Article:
Democrats tackle early childhood education and care

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One of America's toughest kitchen-table issues received vital national attention on Sept. 14 when congressional Democrats introduced the Child Care for Working Families Act—a bold, ambitious national strategy to place affordable, high-quality preschool and child care within the reach and the budgets of millions of families.

With the average cost of child care now exceeding the price tag of in-state public college tuition in 33 states and Washington, D.C., the time is now for a "bold and comprehensive plan that will tackle the skyrocketing cost of child care," said Sen. Patty Murray (D-Wash.) as she introduced the legislation, flanked by Democratic leaders from both chambers.

The Democrats' approach puts family affordability at the heart of their efforts, along with resources to properly prepare and compensate preschool and early care providers. These professionals "should not have to enroll in public assistance to make ends meet," said Rep. Bobby Scott (D-Va.), who co-authored the bill.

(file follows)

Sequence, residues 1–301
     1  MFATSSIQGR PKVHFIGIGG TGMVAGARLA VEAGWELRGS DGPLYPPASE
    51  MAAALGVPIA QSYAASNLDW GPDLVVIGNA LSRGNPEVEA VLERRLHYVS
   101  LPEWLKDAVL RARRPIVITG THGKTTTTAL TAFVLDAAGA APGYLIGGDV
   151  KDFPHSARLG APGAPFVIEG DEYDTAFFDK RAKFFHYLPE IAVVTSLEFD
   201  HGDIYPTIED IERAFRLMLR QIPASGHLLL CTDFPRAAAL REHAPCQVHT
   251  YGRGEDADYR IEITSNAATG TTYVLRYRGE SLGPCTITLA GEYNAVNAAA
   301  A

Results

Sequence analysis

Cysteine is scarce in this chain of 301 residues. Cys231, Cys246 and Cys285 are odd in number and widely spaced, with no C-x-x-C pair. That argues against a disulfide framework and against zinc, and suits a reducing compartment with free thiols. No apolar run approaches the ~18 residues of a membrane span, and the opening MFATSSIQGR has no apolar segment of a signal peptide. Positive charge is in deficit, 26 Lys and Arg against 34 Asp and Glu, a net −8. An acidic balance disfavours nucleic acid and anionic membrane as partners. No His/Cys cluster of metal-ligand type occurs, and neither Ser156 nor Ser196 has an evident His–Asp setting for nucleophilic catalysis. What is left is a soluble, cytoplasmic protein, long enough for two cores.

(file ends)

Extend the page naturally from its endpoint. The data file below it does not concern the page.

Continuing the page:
"Expanding child care and preschool would be a game changer for children and families in our country," said AFT President Randi Weingarten in a statement. "The Child Care for Working Families Act would tear down the barriers facing too many parents who can't afford, or can't find, high-quality child care and preschool programs, [and] makes investments in the early childhood workforce to increase wages for educators and ensure they have the supports and professional development they need."

Among the highlights of the Child Care for Working Families Act:

  • language to help ensure that no low-income or middle-class family pays more than 7 percent of income on child care;
  • funding to help states attract and retain highly qualified professionals by awarding scholarships, providing training and professional development, and increasing worker compensation;
  • resources to help states reach universal pre-K;
  • help for families needing high-quality child care during nontraditional hours and in a variety of settings;
  • funds to boost the supply of hard-to-find, hard-to-afford quality care for infants; and
  • additional funding tailored to child care for children with disabilities.

There is no question that the resources called for in the legislation are aimed at a national priority, one that spans the political spectrum. Recent national polling shows that more than six in seven parents believe high-quality preschool for all 3- and 4-year-olds is a priority.

[AFT staff report]